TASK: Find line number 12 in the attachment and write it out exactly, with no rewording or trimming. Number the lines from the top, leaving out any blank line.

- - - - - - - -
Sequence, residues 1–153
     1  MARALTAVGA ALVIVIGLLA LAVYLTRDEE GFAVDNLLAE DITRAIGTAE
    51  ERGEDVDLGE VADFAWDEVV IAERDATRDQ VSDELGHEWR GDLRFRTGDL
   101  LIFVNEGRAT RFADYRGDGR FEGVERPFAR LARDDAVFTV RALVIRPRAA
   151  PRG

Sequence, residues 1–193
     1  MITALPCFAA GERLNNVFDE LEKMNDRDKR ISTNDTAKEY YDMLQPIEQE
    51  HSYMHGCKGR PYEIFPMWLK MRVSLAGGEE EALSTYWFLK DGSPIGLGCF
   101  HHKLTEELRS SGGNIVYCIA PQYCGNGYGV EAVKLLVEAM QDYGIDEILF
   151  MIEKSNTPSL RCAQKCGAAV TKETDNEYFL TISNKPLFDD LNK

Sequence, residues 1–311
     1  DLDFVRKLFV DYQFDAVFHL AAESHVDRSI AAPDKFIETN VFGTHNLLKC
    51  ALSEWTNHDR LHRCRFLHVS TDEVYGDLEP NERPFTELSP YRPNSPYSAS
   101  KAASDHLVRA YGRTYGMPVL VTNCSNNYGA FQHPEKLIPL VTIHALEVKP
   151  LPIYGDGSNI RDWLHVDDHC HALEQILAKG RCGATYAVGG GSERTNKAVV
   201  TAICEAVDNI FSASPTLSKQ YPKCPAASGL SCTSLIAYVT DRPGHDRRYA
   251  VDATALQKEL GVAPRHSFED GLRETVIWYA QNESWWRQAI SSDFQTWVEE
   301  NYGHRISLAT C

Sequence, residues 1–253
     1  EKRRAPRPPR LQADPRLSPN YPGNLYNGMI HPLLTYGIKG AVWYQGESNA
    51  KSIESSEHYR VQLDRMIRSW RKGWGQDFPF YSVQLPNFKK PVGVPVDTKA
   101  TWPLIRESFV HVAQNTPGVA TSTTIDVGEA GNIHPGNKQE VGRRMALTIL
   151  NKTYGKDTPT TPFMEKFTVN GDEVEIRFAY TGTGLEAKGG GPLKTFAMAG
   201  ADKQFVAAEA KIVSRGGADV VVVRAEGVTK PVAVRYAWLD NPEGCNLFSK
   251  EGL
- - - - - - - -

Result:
     1  DLDFVRKLFV DYQFDAVFHL AAESHVDRSI AAPDKFIETN VFGTHNLLKC